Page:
Kids in court

Alaska's court system looks at how it handles children

Posted: Sunday, July 18, 2004

The dinner table at the Sims home is always busy.

On any given day, it's common to have 11 children at the table.

Leonard and Rena Sims have five biological children - four in their 20s and one who is 8. They adopted five children who had been under their foster care. They also look after children who are transitioning from a foster home to their parents' house. And they shelter children who are grown but have no place to go.

Each of the children the couple adopted or fostered came with different labels, which ranged from abused or neglected child to victim of sexual assault to juvenile delinquent.

"We don't care what they did before. We make them accountable for today," said Leonard Sims, a 52-year-old electrician for the Juneau School District. "We want them to have a brand-new start. They will have more than enough food to eat and a lot of love."

Whenever they have a new child, the Sims take him or her to buy clothes. They throw a big welcome party, and treat the child like every other child under their roof.

However, not every child who goes through the court system is as lucky as those staying with the Sims, who are willing to get loans to send their adopted children to private schools, and take all the children who stay with them on family trips.

Foster parents receive $22.64 a day for each teenager and $19.07 for a younger child.

Insufficient financial support is only one of many problems people who deal with children's cases identified in a workshop last Monday.

In the workshop, called "Children in the court system," judges, government officials, private lawyers and social workers examined the strengths and weaknesses of Alaska's court system to find ways to better serve children.

"This is an opportunity to bring people involved to have a roundtable discussion, where they don't focus on a specific case and can step back and take a look at the system," said Barbara Hood, court initiative attorney for the Alaska Court System.

A coordinator of a federally sponsored program called "Children in Alaska's Courts," Hood held a series of community forums throughout Alaska. Juneau was her third stop.

"Part of our purpose is to identify regional differences," Hood said. "For example, one of the strengths of Juneau's system is the effective use of mediation in child custody cases. This hasn't been the case in some other communities, and they can learn from Juneau."

The workshop focused on four fields: children in need of aid because they are abused or neglected, juvenile delinquency, domestic violence, and divorce and custody.

Participants named many strengths of the court system in Southeast.

A family is assigned to one judge until the case is closed. Case management is efficient. Judges are well trained and knowledgeable. And perhaps most important, everyone involved in the process has the children's best interest in mind. For the past 15 years, public defenders, judges, social workers and lawyers have met every six months to examine the court system.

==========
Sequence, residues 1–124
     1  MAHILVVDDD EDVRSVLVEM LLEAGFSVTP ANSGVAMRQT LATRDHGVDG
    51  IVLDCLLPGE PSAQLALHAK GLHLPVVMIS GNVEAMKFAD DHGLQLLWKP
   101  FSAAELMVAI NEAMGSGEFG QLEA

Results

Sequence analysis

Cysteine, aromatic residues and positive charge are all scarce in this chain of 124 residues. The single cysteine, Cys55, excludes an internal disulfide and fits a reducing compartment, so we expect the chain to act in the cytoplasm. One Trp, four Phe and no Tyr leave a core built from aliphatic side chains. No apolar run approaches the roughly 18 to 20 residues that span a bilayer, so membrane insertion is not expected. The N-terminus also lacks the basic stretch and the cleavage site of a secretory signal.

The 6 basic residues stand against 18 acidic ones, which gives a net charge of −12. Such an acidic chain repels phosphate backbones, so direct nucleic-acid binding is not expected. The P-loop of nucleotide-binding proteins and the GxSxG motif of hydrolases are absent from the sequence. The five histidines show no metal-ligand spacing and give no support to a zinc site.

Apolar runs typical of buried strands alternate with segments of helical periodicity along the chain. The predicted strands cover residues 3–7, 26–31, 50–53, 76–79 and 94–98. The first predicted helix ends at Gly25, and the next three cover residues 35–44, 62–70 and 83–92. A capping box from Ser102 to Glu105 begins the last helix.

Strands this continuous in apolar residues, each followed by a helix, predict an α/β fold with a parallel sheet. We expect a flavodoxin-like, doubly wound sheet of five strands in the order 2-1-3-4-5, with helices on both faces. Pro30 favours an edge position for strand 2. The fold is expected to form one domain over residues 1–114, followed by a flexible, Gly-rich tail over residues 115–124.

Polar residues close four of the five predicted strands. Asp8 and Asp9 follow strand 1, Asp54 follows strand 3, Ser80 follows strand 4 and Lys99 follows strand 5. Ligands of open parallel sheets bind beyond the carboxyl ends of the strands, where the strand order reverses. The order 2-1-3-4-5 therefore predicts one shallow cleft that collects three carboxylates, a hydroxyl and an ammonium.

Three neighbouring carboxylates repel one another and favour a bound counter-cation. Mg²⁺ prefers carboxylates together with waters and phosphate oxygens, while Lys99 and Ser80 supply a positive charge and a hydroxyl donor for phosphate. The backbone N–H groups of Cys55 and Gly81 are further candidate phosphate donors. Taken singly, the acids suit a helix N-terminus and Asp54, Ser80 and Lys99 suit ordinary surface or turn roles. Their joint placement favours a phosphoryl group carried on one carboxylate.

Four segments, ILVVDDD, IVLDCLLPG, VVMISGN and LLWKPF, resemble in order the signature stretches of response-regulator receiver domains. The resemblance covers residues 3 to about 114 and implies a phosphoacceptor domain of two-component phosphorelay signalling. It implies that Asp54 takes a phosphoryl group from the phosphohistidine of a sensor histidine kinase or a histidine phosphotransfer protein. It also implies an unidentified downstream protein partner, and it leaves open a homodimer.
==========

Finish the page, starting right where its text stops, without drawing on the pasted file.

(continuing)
"We work in the spirit of cooperation," said Juneau Superior Court Judge Larry Weeks. "In a case that is involved with children, there's no winning or losing. It's easy for one side to win with the child losing."

The workshop participants also identified many weaknesses.

"We don't have enough funding for treatment programs for parents who have substance abuse problems," Weeks said. "If they don't get help, they don't get better. If they don't get better, they don't treat their children better."

There is a lack of funding for children's services, participants said.

"We don't have enough counselors to help children deal with trauma. We don't have enough foster homes when we need to place them. There is especially a huge shortage of foster homes for teenagers," said Janine Reep, who has acted as a guardian ad litem for five years.

A guardian ad litem is appointed by the court to look out for a child's best interests during the course of legal proceedings.

Although about a fifth of the cases that are referred to the city attorney's office involve domestic violence, Juneau doesn't have a program to educate batterers. The nonprofit Tongass Community Counseling Center, which provided counseling to batterers, closed its door a year ago after losing state funding.

In child custody cases, Juneau doesn't have a custody investigator anymore.

"In custody cases, a 2000 court rule said guardians ad litem shall not testify. In Juneau, we don't have a custody investigator to dig out all the things that are important for a judge to make decisions," said Supreme Court Justice Walter Carpeneti.

Participants said they learned a lot from others at the meeting.

"It is important to improve the system so the kids won't return to the system. But sadly, many of them do," said Judge Weeks. "The first time I see them, they are abused or neglected. The second time I see them, they are juvenile delinquents. Then the next time I see them, they are criminals. We need to break the chain somewhere."

The Sims said they hope their house is the last stop for the children they are looking after.

"It takes at least six months for the kids to believe that they don't have to hide bread in their drawers or their backpacks. They don't need to block their doors at night. And they don't need to pretend they had a fever to knock on our door in the middle of the night," said Rena Sims, 46. "This is a home, a safe haven for them."

• I-Chun Che can be reached at

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